Hector: New integral field spectroscopy of galaxies enabled on the AAT.

Wednesday 15 Jun 2022 @ 12:00 p.m., Laby Theatre(+Zoom)
A Prof. Julia Bryant, The University of Sydney; Email: julia.bryant[at]sydney.edu.au


Hector is a new optical integral field spectrograph (IFS) instrument that has recently been commissioned on the Anglo-Australian Telescope (AAT). It will undertake a 15,000-galaxy IFS survey of nearby z<0.1 galaxies. Fundamentally new science will be achieved compared to existing instruments due to Hector’s capability to do the largest IFS galaxy survey to date, with the highest spectral resolution, and imaging 2 effective radii on most galaxies.

The high fill-factor imaging fibre bundles `hexabundles’ of the type used on the SAMI instrument, have been improved and enlarged to cover up to 27-arcsec diameter. Hector has 21 hexabundles over a 2-degree field feeding both the new ‘Spector’ spectrograph and existing AAOmega spectrograph. The new dual-arm spectrograph has the highest spectral resolution of any large IFS nearby galaxy survey of 1.3 Angstrom. This is the key to enable higher order stellar kinematics to be measured on a larger fraction of galaxies, and to link those galaxies to the large-scale environments in which they form to test formation models of galaxies.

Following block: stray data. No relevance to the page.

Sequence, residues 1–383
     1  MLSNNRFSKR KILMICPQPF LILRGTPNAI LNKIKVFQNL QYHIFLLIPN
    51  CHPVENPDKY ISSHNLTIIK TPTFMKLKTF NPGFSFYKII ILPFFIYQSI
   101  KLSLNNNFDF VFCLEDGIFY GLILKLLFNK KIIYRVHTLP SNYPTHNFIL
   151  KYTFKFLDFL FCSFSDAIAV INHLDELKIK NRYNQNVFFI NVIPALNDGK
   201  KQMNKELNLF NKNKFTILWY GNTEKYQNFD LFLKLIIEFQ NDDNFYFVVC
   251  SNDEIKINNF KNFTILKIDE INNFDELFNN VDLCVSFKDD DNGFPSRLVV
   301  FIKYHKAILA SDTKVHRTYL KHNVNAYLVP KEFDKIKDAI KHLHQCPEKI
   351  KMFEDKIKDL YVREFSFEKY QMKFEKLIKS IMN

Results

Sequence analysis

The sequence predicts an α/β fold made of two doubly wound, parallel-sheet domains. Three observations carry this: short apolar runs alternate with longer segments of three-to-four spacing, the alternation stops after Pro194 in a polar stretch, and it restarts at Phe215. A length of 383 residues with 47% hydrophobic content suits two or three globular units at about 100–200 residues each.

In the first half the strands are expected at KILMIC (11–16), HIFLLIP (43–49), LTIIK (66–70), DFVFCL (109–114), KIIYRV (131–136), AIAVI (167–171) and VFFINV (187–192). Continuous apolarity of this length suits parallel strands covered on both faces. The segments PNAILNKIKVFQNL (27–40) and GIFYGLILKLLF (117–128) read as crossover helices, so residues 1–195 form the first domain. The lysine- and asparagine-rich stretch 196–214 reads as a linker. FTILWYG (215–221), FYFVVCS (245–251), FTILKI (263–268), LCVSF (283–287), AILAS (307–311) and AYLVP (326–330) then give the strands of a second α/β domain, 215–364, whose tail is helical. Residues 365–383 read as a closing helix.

The Hector survey is aligned to the 4MOST WAVES-North and WAVES-South regions. The WAVES data will give the environment metrics necessary to relate how local and global environments influence galaxy growth through gas accretion, star formation and spins measured with Hector. The WALLABY ASKAP survey will trace HI gas across the Hector fields, which in combination with Hector will give a complete view of gas accretion and star formation.

This talk will discuss what makes Hector scientifically unique and the new opportunities it offers Australian astronomers.